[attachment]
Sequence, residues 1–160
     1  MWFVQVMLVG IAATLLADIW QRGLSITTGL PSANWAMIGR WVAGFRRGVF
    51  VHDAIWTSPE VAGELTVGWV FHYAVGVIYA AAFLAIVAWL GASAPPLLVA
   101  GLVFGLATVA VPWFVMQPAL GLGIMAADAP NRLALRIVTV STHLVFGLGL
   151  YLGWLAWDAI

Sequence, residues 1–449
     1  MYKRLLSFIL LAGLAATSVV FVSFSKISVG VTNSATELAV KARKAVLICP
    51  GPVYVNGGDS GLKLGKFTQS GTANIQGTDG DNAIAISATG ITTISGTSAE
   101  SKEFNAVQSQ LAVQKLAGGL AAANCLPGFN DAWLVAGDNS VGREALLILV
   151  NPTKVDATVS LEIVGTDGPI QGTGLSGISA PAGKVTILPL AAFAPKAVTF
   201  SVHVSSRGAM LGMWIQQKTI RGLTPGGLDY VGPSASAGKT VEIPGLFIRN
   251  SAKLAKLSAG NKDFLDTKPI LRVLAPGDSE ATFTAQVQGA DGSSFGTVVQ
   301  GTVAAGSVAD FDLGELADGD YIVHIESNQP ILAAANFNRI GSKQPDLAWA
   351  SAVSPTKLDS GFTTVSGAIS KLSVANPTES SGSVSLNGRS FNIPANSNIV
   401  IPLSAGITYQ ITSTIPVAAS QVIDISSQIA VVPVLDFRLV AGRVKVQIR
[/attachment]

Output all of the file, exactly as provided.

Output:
Sequence, residues 1–160
     1  MWFVQVMLVG IAATLLADIW QRGLSITTGL PSANWAMIGR WVAGFRRGVF
    51  VHDAIWTSPE VAGELTVGWV FHYAVGVIYA AAFLAIVAWL GASAPPLLVA
   101  GLVFGLATVA VPWFVMQPAL GLGIMAADAP NRLALRIVTV STHLVFGLGL
   151  YLGWLAWDAI

Sequence, residues 1–449
     1  MYKRLLSFIL LAGLAATSVV FVSFSKISVG VTNSATELAV KARKAVLICP
    51  GPVYVNGGDS GLKLGKFTQS GTANIQGTDG DNAIAISATG ITTISGTSAE
   101  SKEFNAVQSQ LAVQKLAGGL AAANCLPGFN DAWLVAGDNS VGREALLILV
   151  NPTKVDATVS LEIVGTDGPI QGTGLSGISA PAGKVTILPL AAFAPKAVTF
   201  SVHVSSRGAM LGMWIQQKTI RGLTPGGLDY VGPSASAGKT VEIPGLFIRN
   251  SAKLAKLSAG NKDFLDTKPI LRVLAPGDSE ATFTAQVQGA DGSSFGTVVQ
   301  GTVAAGSVAD FDLGELADGD YIVHIESNQP ILAAANFNRI GSKQPDLAWA
   351  SAVSPTKLDS GFTTVSGAIS KLSVANPTES SGSVSLNGRS FNIPANSNIV
   401  IPLSAGITYQ ITSTIPVAAS QVIDISSQIA VVPVLDFRLV AGRVKVQIR